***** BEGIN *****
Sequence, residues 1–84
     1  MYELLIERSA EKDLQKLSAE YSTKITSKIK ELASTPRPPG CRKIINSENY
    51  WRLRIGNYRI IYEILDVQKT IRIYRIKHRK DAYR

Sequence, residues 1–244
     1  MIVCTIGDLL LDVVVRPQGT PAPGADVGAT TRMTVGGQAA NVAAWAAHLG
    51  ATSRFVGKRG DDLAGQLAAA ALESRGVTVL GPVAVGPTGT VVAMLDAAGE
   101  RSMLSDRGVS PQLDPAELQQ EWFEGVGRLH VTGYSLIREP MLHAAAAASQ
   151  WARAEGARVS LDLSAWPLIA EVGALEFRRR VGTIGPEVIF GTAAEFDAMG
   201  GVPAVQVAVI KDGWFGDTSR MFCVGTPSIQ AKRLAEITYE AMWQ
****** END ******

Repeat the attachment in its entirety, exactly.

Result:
Sequence, residues 1–84
     1  MYELLIERSA EKDLQKLSAE YSTKITSKIK ELASTPRPPG CRKIINSENY
    51  WRLRIGNYRI IYEILDVQKT IRIYRIKHRK DAYR

Sequence, residues 1–244
     1  MIVCTIGDLL LDVVVRPQGT PAPGADVGAT TRMTVGGQAA NVAAWAAHLG
    51  ATSRFVGKRG DDLAGQLAAA ALESRGVTVL GPVAVGPTGT VVAMLDAAGE
   101  RSMLSDRGVS PQLDPAELQQ EWFEGVGRLH VTGYSLIREP MLHAAAAASQ
   151  WARAEGARVS LDLSAWPLIA EVGALEFRRR VGTIGPEVIF GTAAEFDAMG
   201  GVPAVQVAVI KDGWFGDTSR MFCVGTPSIQ AKRLAEITYE AMWQ